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Privacy Perspectives | Why are states making consumer data less secure? Related reading: Third-Party Vendor Management Means Managing Your Own Risk: A Checklist

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Recently, I learned that my local legislature in Arizona is considering a bill to require highly secure enterprise computer systems to provide system-level access to companies that they do not know, have not scrutinized, and/or consider hostile. These systems house and process financial and sensitive data of millions of consumers, hundreds (or thousands) of financial institutions, and all the credit-reporting agencies. Perhaps even more remarkable is that these bills are being considered in several states, and by the time you read this, may already be law in two states.

The Arizona bill is House Bill 2418. The Montana bill is House Bill 617. Oregon is House Bill 3152. North Carolina is House Bill 455.

Why is this happening, and why is it so far under the radar?

Apparently, there is a dispute between automobile dealers and the providers of dealer management systems, the enterprise computing systems that connect dealers with car manufacturers, service providers (e.g., consumer lenders, warranty and insurance companies, and apps such as Cars.com), and everyone who test drives, purchases or services a car at the dealership. There are about a dozen DMS providers and 14,000 dealerships nationwide. That’s a lot of personally identifiable information and other sensitive data.

The biggest DMS providers take data security very seriously and scrutinize every company that wishes to access the system. Dealer employees get the highest levels of access. Manufacturers and all approved service providers connect through certified interfaces that carefully manage and monitor activity to protect system integrity and data security. Data syndicators — third parties whose activity is merely moving data between the DMS and service providers — are never approved by the biggest and most secure DMSes. It’s a trust and security issue. That’s where the problems arise.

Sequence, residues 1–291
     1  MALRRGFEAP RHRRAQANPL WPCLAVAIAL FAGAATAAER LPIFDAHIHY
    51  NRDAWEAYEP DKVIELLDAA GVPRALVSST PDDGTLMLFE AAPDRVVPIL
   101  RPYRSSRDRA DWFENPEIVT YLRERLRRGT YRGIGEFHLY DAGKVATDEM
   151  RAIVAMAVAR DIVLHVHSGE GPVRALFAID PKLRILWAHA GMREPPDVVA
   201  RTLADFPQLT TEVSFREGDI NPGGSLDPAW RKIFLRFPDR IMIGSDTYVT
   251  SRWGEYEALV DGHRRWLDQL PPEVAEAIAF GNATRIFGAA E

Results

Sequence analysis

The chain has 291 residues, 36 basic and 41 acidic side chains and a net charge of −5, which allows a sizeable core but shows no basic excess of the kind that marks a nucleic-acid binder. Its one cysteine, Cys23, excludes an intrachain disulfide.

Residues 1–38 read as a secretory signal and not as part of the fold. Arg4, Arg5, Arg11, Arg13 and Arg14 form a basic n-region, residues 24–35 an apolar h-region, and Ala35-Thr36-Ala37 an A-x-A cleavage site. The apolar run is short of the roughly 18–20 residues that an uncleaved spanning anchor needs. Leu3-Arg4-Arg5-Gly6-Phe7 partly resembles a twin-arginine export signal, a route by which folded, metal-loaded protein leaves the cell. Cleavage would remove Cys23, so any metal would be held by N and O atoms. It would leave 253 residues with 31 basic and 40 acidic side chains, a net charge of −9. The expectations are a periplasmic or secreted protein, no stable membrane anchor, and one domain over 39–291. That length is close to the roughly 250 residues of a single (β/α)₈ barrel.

Now a group of unhappy dealers and data syndicators asked the National Automobile Dealers Association to draft model legislation that forces DMSes open, and now the powerful state dealer associations are pushing these bills. Privacy, cybersecurity and consumer protection experts are not aware of these bills because they are buried in larger franchise legislation that is being heard in transportation committees or general business committees where privacy and data and consumer protection issues are not often considered.

Clearly, these committees also don’t understand what they are reading, because it is spun as “cybersecurity for the dealers’ data.” It may be the dealers’ data, but it is not the dealers’ systems. The bills permit the clients (the dealers) to grant access to the DMS providers’ systems (which the dealers have to purchase licenses) to any third party – against the licenses, against the providers’ wishes, against all known security and privacy protocols — open access for all — woo-hoo!

Additionally, the legislatures don’t worry about violating the contracts clause of our constitutions (or the takings clause either – seems like private property is being taken by the government ...).

I wrote an op-ed in an Arizona newspaper to call attention to this terrible legislation, but it passed unanimously in the House of Representatives and Senate and is awaiting the governor’s signature or his inaction.

There was also a news story on it by ABC15, and as is apparent, it is being spun as a cybersecurity bill for the dealer data. Even the cybersecurity expert, whom I greatly respect, doesn’t pick up on the fact that the dealers are being legally allowed to let in any third party they choose into someone else’s system despite that these third parties won’t be vetted by the system owners and have in the past been sued and admitted to hacking practices to get into these same systems.

We need more privacy and cyber experts to get engaged and stop these bills. Who wants to help?

Photo by Markus Spiske on Unsplash

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